HOW much worse can it get? Friday's shocking news that Anglo Irish Bank may need up to €7.5bn of the taxpayers' money caused barely a ripple of outrage in a country that has been bludgeoned senseless by the scale of its financial collapse.
Brian Cowen, the Taoiseach, says we have no choice but to hand over the cash. "Anglo Irish Bank is a bank of systemic importance... this economy could not withstand the failure of a bank of that magnitude and the consequent impact that would have on other banks and the financial system. You just could not even contemplate it."
But that is precisely what he should be contemplating.
Anglo Irish is a dead bank walking. It has no future as a going concern. Anglo must be wound down, not supported indefinitely on a life support scheme funded by our taxes and yet more borrowings.
The pain of that wind-down must not be taken exclusively by the Irish people. The Government must discover the courage to confront Anglo's problems head-on, negotiating aggressively with its bond-holders so that they, too, pay part of the price of the bank's failure.
Depositors will be protected by the State guarantee, but any individual or institution who invested in the bank's debt must be forced to accept that all investments carry the risk of failure.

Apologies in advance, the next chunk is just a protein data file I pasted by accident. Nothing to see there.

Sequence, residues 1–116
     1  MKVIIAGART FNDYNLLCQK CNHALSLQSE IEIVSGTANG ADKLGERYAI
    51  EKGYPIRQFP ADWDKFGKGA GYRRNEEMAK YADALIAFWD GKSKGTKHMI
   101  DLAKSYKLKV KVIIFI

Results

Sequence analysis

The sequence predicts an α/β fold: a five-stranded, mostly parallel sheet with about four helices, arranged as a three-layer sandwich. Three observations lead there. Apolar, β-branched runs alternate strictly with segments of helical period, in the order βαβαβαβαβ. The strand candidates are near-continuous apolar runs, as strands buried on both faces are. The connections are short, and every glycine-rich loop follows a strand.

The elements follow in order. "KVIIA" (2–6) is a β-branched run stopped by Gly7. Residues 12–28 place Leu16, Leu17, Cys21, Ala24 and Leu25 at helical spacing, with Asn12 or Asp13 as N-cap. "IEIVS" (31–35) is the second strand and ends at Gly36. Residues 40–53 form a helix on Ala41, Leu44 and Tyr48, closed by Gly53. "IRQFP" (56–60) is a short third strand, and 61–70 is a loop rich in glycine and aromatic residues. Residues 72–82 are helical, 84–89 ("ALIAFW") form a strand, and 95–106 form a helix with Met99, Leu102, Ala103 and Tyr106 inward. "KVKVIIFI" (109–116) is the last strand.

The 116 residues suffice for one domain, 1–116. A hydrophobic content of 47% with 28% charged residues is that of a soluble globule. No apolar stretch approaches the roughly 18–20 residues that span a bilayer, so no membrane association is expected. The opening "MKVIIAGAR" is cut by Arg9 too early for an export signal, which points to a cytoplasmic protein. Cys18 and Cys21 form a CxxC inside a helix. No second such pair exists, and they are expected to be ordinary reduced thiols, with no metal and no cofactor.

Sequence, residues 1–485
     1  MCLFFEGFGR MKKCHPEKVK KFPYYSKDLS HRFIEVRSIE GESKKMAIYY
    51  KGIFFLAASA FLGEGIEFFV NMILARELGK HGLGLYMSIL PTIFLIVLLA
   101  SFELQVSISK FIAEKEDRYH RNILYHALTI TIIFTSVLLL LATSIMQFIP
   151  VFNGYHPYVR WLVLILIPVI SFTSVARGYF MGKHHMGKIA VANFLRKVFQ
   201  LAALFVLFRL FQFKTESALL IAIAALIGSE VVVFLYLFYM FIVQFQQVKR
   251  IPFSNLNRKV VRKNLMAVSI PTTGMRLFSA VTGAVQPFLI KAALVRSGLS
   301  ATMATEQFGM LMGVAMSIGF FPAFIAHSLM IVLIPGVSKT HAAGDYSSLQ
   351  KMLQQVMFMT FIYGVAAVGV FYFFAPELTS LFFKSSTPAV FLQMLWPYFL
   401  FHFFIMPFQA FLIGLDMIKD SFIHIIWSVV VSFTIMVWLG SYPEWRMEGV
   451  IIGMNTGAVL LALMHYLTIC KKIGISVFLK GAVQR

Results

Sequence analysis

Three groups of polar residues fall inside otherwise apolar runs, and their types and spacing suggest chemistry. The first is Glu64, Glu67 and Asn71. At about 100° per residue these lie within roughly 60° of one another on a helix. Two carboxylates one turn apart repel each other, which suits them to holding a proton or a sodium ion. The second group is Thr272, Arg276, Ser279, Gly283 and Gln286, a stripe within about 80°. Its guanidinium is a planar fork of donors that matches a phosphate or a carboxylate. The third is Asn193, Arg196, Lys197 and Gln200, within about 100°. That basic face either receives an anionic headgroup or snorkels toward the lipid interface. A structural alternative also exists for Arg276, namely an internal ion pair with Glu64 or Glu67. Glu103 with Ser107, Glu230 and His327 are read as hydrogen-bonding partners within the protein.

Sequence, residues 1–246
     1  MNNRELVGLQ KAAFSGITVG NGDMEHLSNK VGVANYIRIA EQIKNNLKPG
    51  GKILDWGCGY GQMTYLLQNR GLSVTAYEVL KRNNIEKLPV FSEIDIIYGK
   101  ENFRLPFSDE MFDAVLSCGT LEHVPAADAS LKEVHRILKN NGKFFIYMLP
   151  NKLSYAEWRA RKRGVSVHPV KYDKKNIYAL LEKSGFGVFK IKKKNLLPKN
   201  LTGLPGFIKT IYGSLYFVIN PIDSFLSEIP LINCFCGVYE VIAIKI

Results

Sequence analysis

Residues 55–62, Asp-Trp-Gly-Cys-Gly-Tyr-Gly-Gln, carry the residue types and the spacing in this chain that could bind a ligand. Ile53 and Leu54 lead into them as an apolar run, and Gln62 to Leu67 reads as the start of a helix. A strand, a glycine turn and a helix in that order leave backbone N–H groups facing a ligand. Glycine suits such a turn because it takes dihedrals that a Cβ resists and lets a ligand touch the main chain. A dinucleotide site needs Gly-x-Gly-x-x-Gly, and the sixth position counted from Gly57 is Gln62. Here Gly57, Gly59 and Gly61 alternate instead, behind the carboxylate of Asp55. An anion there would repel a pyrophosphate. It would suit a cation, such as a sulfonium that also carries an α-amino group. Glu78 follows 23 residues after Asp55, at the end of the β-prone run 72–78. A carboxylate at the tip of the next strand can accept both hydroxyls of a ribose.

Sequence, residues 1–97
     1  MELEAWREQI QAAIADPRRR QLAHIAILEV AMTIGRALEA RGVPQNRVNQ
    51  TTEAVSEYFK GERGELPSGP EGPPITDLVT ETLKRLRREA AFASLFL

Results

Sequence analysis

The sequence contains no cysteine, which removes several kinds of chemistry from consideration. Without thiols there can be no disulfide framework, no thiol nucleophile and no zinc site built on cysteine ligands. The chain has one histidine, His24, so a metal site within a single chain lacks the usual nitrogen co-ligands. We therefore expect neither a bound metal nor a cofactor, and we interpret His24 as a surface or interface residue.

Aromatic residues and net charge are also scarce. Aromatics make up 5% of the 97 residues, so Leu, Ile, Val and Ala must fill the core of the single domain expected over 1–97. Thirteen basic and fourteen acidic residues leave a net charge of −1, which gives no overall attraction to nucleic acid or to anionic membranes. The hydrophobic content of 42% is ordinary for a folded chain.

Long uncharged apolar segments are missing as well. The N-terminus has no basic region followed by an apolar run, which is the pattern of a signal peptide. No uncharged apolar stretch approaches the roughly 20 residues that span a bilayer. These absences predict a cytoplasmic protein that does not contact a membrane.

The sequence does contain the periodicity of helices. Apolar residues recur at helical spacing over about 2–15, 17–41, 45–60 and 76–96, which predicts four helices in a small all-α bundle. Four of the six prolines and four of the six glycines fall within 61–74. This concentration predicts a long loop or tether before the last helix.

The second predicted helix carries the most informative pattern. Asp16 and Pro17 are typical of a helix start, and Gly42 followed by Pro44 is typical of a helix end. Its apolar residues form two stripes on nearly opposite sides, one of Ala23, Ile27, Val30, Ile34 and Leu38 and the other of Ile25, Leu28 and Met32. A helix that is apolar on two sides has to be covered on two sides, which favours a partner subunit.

The wind-down will not be speedy, but it must be certain. The Government will argue that it cannot announce publicly that it is winding down the bank, because a public announcement would encourage a flight of deposits and it would have to find the money to pay them.
Mr Cowen and his Government are asking the people to accept on faith that their strategy for Anglo Irish is the only strategy available, but neither Mr Cowen nor his Government enjoy the people's faith. That was lost many months ago when the Government failed to respond to the economic disaster that was unfolding before it, and tried instead to tell the people that the economic fundamentals were sound.
It has been economic with the truth, too, on the banking crisis, and it has been slow -- unforgivably slow -- in extracting the real information about the state of the banks' loans. Only now do we discover that 20 per cent of Anglo's Irish loans are "impaired" -- meaning that no interest payments are being made -- and almost €30bn of loans are either in trouble or about to be in trouble.
How can we know where this litany of disaster ends? And how much more money does the Government propose throwing at Anglo Irish?
This rogue bank is not of systemic importance, but the scale of its mismanagement has reached a point where it poses a real threat to our financial system. Anglo Irish has no future, and will not emerge intact from nationalisation. An orderly wind-down represents the best option to protect the interests of the State and the taxpayers.